• WordNet 3.6
    • n radish pungent fleshy edible root
    • n radish a cruciferous plant of the genus Raphanus having a pungent edible root
    • n radish Eurasian plant widely cultivated for its edible pungent root usually eaten raw
    • n radish pungent edible root of any of various cultivated radish plants
    • n radish radish of Japan with a long hard durable root eaten raw or cooked
    • ***
Webster's Revised Unabridged Dictionary
  • Interesting fact: Ten radishes only contain eight calories
    • n Radish răd"ĭsh (Bot) The pungent fleshy root of a well-known cruciferous plant (Raphanus sativus); also, the whole plant.
    • ***
Century Dictionary and Cyclopedia
  • Interesting fact: The annual Night of the Radishes is held in Oaxaca, Mexico. It's held on December 23rd of every year as part of a pre-Christmas tradition. Farmers carve figures from radishes and display them in the city's main plaza.
    • n radish A plant, Raphanus sativus, cultivated for its edible root; also other species of the same genus. (See phrases below.) The radish of cultivation is unknown in a wild state, but is thought by many to be derived from the wild radish, R. Raphanistrum. It has been highly prized from the days of ancient Egypt for its crisp fleshy root, which is little nutritious, but pleasantly pungent and antiscorbutic, and is mostly eaten raw as a relish or in salads. The radish commonly must be young and fresh, but some varieties are grown for winter use. The root varies greatly in size (but is ordinarily caten when small), in form (being long and tapering, turnip-shaped, olive-shaped, etc.), and also in color (being white, scarlet, pink, reddish-purple, yellowish, or brown). The leaves were formerly boiled and eaten, and the green pods make a pickle somewhat resembling capers.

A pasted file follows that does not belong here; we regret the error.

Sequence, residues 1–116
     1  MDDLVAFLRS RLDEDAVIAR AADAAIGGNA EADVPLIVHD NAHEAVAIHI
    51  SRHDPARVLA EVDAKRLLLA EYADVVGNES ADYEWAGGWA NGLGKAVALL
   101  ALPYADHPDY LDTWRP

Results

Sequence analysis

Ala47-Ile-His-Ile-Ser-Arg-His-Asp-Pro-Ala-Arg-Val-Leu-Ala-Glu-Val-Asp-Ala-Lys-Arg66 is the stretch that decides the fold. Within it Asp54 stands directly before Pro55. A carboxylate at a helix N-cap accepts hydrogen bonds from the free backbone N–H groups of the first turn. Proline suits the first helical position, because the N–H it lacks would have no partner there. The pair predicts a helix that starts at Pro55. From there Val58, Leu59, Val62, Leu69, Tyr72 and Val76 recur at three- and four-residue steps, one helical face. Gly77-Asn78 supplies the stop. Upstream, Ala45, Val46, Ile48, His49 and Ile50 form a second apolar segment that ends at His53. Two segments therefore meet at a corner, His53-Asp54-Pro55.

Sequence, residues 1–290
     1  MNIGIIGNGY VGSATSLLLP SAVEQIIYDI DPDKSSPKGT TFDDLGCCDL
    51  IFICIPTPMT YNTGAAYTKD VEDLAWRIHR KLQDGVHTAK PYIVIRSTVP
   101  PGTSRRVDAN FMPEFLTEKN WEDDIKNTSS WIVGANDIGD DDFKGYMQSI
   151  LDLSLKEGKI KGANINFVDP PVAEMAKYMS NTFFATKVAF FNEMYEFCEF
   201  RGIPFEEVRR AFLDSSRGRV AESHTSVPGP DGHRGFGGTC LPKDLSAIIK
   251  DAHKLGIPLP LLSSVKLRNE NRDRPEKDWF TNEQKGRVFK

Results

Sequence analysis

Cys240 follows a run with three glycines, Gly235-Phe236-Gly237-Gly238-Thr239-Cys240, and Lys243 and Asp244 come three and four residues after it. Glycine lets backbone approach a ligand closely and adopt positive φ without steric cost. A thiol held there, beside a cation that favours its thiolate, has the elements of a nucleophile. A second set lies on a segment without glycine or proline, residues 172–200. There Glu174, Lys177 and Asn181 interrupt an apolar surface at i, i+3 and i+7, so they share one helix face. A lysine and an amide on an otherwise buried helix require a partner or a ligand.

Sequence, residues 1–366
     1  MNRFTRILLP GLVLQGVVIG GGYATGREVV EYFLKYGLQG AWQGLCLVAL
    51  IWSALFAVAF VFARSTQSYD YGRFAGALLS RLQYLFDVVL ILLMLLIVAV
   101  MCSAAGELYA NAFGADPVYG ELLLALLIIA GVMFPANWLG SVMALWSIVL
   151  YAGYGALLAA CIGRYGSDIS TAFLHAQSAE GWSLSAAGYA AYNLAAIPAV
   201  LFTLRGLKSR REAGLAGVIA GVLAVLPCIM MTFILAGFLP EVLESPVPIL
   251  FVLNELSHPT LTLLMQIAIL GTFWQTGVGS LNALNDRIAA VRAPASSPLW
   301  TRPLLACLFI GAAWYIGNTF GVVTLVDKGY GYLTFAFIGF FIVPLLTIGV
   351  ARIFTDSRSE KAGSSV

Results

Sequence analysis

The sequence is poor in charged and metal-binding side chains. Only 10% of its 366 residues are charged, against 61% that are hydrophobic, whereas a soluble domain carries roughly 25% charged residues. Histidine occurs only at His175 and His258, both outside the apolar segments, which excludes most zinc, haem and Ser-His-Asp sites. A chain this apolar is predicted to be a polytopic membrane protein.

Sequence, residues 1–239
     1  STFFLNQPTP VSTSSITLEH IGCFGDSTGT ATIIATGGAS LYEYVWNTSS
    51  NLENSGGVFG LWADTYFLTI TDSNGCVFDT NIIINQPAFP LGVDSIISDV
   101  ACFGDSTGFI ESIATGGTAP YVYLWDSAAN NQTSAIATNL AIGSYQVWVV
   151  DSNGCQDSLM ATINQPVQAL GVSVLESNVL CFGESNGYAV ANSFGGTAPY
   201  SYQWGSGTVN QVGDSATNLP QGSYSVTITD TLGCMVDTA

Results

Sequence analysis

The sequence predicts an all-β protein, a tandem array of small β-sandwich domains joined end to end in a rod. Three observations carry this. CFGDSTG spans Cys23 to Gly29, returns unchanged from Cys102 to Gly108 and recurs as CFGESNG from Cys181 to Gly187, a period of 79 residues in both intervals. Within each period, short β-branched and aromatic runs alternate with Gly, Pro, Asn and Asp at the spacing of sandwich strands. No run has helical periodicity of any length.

• n radish A root of this plant.
    • n radish Same as water-radish.
    • ***
Chambers's Twentieth Century Dictionary
    • n Radish rad′ish an annual whose succulent pungent root is eaten raw as a salad
    • ***


  • Samuel Beckett
    “What do I know of man's destiny? I could tell you more about radishes.”


Webster's Revised Unabridged Dictionary
F. radis,; cf. It. radice, Pr. raditz,: all fr. L. radix, -icis, a root, an edible root, especially a radish, akin to E. wort,. See Wort, and cf. Eradicate Race a root, Radix
Chambers's Twentieth Century Dictionary
Fr. radis—Prov. raditz—L. radix, radicis, a root.


In literature:

Took tea with fifteen others, very good bread and butter, also turnips, radishes, and strawberry preserves.
"A Journey to America in 1834" by Robert Heywood
Radishes may also now be sown in beds prepared by digging and freshly turned up.
"The Book of Sports:" by William Martin
In India radishes are cooked just as other vegetables, and radish bujea is very popular.
"The Khaki Kook Book" by Mary Kennedy Core
Undressed salad is sometimes served with them, or radishes, butter, and cheese.
"The Complete Bachelor" by Walter Germain
Garnish with thin slices of radish, and a radish so cut as to represent a tulip.
"The Starvation Treatment of Diabetes" by Lewis Webb Hill
When the radishes were consumed they invaded the Inn and assaulted the water tank in force.
"Left Guard Gilbert" by Ralph Henry Barbour
Then they ate their luncheon of bread and butter, cheese and milk, with some radishes from father's garden.